Date: 9 March 2018

Subject: Writing for PR: Summary of Tips from a Journalistic Perspective

MLA Citation: Sam Dyer, Missouri State University


Research Assessment #8

This lecture caught my attention because it connects public relations and journalism through writing. It assesses how to use language effectively in public relations from a journalists’ eye; it wasn’t the most informative about public relations strategy, but I found it engaging and educational. English has always been my favorite subject, so seeing how the rules I learned in school and at D Magazine apply to public relations writing is something I can certainly take into my future PR writing.

The prominent tips that Mr. Dyer described were a good mix of old and new information for me. For instance, he suggested using parallel structure (being consistent in verb tenses, pronouns, and other grammatical tools) and not introducing symbols into PR writing (spelling everything out instead, with no bulleted lists). While I already knew the importance of these devices in editorial and narrative styles of writing, I did not know that their impact transferred into public relations writing. It is easy to get caught up in trying to be objective and informative and resultantly lose the conversational piece of a PR or journalistic piece, but it is important to remember to make the piece flow while still providing relevant information. That being said, Mr. Dyer also said that the first paragraph in a news piece should not be, to quote him directly, “some big, long, honkin’ paragraph.” One sentence leads attract more readers. Readers also tend to stick around longer with frequently paragraphed stories; every paragraph should be 1-2 sentences long in the journalistic style, easily separated with distinct ideas. These contrasting ideas helped me to remember that, like in journalism, there is a harmonious blend of near-scientific objectivity and human-like structure within a PR piece of writing. The challenge, of course, is figuring out how to take relevant facts and ideas and present them in a way that an ordinary person could easily understand. On this note, Mr. Dyer continued on to say that the writer should remember who their readership is; use your words efficiently and utilize simplistic, yet not dumb, language to ensure that anybody who wants to inform themselves on your topic doesn’t have to be a college professor to understand your diction. Last but not least, I noted the idea that the writer should have a sense of perspective about how their subject fits into larger issues. While I thought about global and social implications a lot in journalism, I didn’t realize that this applied as much to PR as it does to journalism. When writing about significant happenings within an organization, the way that organization chooses to respond could say a lot about their stance on polarizing issues, their values, and their beliefs. This really convicted me to, when writing PR pieces in the future, think about how my piece fits into larger topics and how it could prove beneficial in creating a more informed tomorrow.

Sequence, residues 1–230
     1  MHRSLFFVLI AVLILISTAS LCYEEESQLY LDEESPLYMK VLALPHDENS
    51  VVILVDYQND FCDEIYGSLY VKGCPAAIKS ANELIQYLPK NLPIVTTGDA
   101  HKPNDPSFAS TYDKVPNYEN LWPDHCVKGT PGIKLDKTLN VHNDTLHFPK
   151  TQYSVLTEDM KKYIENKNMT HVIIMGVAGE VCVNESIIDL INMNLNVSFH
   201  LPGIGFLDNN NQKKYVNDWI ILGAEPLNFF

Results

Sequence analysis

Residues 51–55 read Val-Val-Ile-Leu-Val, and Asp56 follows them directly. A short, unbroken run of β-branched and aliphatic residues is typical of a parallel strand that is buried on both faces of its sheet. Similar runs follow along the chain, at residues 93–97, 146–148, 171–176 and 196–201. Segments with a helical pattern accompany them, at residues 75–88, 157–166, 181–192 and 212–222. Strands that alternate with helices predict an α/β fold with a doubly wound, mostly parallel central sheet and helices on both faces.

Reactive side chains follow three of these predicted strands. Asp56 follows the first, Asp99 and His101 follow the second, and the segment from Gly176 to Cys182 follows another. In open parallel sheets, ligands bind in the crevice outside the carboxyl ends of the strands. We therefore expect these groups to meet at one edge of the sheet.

Some of the most interesting points in the lecture included when Mr. Dyer compared the English and writing style of Americans and say Canadians or Brits; English writing style varies from country to country, and the way PR professionals communicate their message through writing could be improved by being adaptable and knowledgeable about how their audience communicates. Overall, this lecture was greatly educational and helped clarify some aspects of PR writing for me.